Listen to this track by British pop chanteuse and peerless interpreter Dusty Springfield. It’s “Windmills Of Your Mind”, a shimmering pop gem as taken from her seminal 1969 album Dusty In Memphis.
That album was a strategic move on Springfield’s part to make a bona fide R&B album in the very heart of where some of the greatest soul albums were created during that era. The results of this and the story behind them is an epic tale with a who’s who of characters including Jerry Wexler, Tom Dowd, Arif Mardin, and The Memphis Cats all in tow. But, all the while, Springfield proved above all that she was able to sing anything and in any style and make it all work on an LP that comes together in an extraordinary way. This tune isn’t strictly a soul song, for instance. But, it certainly has soul as Springfield sings it. So, it fits because of her voice.
Among other places, it was featured very prominently in the film The Thomas Crown Affair, starring Steve McQueen, and sung by Jose Feliciano at the 1968 Academy Awards, at which “Windmills Of Your Mind” won for best original song. Its place in the film is where a lot of casual music fans will recognize it the most. So, how did Dusty Springfield take this song, and make it the one by which all others must be judged?
The song was a hit for British singer Noel Harrison in 1968, the vocalist who is featured on the movie soundtrack. It was written by French composer Michel Legrand, with lyrics by husband and wife team Marilyn Bergman and Alan Bergman. The three songwriters were hired to write the song for the soundtrack that was to give away no plot, but was rather to set a scene of contemplation for McQueen’s character, a typically a taciturn and tough figure of the type he was known for playing, and who’s still waters run deep. This is the song they wrote, after experimenting with a few combinations of lyrics and melodies. Legrand created a series of melodic concentric circles, and the Bergman’s reflected those musical patterns with striking lyrical precision. On this structural level alone, this song is extraordinary. By the time Springfield got a hold of it in May of 1969, she’d made hers the gold standard version.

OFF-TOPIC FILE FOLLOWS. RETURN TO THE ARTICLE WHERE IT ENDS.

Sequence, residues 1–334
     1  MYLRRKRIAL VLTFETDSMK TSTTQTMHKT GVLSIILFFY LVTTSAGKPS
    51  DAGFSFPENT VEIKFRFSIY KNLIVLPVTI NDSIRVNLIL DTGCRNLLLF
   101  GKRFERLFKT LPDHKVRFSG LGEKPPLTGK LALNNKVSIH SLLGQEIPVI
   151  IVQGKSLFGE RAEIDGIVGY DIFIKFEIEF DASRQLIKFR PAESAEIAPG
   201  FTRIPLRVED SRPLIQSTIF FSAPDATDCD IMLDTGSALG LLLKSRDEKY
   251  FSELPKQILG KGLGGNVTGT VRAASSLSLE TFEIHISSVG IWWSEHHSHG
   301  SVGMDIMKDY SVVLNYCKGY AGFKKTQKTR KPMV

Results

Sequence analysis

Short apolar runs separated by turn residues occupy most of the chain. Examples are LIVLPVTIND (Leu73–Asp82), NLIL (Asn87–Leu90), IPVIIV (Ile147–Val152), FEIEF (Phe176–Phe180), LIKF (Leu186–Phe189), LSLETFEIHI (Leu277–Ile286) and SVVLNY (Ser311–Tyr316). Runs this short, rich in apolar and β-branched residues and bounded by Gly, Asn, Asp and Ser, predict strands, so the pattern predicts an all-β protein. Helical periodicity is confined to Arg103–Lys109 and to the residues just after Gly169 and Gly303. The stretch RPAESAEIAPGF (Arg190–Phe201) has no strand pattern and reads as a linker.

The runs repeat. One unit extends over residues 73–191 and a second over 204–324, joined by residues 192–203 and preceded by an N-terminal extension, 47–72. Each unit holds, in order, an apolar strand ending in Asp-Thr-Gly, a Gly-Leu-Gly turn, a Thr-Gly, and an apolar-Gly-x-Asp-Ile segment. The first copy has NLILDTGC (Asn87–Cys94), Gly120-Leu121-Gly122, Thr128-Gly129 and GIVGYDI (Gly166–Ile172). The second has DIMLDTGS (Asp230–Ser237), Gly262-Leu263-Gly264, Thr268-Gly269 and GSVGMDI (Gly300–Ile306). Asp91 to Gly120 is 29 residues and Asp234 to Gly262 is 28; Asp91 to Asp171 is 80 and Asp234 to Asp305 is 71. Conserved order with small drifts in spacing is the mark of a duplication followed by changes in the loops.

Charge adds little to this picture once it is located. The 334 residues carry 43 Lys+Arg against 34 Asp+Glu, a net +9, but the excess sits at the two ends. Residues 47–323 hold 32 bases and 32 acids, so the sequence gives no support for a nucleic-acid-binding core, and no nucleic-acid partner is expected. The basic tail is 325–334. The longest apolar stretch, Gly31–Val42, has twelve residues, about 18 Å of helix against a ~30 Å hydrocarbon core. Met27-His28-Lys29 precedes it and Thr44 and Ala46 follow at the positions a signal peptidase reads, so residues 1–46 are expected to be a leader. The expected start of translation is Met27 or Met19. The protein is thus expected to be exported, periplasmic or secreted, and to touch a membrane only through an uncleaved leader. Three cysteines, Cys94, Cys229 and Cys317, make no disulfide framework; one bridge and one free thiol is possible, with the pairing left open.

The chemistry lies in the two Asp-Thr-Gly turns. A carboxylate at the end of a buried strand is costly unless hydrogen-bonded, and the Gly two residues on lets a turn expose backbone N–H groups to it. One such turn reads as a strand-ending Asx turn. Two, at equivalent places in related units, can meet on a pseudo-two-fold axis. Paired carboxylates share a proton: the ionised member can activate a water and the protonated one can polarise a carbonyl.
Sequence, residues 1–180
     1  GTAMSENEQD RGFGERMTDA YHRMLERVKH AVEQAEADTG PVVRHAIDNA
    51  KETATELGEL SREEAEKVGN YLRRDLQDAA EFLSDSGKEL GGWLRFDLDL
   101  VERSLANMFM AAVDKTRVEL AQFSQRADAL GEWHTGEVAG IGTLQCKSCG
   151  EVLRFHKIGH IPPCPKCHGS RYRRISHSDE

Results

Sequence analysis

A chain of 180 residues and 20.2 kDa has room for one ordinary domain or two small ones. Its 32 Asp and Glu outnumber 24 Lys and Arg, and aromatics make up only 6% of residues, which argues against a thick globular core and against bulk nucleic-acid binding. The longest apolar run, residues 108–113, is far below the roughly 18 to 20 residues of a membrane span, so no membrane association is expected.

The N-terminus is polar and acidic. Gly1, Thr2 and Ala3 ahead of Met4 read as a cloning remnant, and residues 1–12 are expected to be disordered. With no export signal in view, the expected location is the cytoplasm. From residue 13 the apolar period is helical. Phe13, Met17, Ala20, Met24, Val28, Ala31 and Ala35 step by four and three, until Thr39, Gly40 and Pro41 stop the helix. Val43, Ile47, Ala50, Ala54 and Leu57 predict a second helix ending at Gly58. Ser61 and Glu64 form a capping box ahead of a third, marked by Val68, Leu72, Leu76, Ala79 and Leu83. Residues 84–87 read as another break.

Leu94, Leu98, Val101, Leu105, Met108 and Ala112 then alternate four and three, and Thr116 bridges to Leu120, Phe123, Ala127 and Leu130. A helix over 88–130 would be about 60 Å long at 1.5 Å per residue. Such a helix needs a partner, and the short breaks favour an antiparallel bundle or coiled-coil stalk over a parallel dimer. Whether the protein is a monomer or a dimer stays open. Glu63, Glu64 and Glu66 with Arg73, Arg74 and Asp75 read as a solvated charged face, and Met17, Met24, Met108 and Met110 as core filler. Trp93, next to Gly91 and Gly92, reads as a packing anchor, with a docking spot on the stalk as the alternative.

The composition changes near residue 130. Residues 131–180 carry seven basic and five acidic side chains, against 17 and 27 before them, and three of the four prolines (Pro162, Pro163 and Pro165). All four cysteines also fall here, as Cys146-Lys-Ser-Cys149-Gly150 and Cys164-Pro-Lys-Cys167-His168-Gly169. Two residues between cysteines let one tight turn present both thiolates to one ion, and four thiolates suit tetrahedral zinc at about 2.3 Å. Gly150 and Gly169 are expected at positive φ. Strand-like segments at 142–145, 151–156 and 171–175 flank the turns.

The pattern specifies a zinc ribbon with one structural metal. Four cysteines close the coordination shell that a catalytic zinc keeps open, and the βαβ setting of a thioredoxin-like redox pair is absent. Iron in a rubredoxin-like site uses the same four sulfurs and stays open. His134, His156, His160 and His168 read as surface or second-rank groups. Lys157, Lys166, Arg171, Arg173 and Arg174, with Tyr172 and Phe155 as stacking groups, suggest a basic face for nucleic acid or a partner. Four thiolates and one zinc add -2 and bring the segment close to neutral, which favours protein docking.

In some ways, this was all a part of the idea of cutting a soul record, even if as mentioned this isn’t strictly a soul song. What Springfield’s contemporaries were able to do on those classic Atlantic sides recorded in Memphis and in other parts of the American South was to find the heart of every song they sang and bring it out for listeners. That was Springfield’s mission too. And the results speak for themselves here, as she spins out the flurry of simile and symbolism, with hints of the quiet spiritual anguish that they evoke. And like the best soul singers, we believe her every word.
The melody was always referential to the lyrics (and vice versa!), being sympathetically flowing and cyclical, with those important seventh chords thrown in there that creating an aural shadow of portent along the way. Yet, Springfield’s seemingly effortless voice brings all of this to its fullest realization, in turn almost supernaturally sympathetic to that very French melodic sense with appropriately existential lyrics. A big part of her strength as a vocalist was understanding her material in its finest detail before she sings a note. On this, she proves that strength on one of the best songs in her catalogue. Maybe it was some of her own inner turbulence that helped her to achieve this better than anyone else, struggling with demands placed on her due to her sexual orientation during an era when open dialogue about that sort of thing was not an option.
Dusty Springfield would continue to distinguish herself as one of the best interpreters of pop music on any continent before her death in 1999. “Windmills Of Your Mind” would become a pop standard, covered extensively by singers ranging from Barbra Streisand to Sting. But, every version must bow to this one.
Find out more about Dusty Springfield’s soaring career and troubled life by reading this article.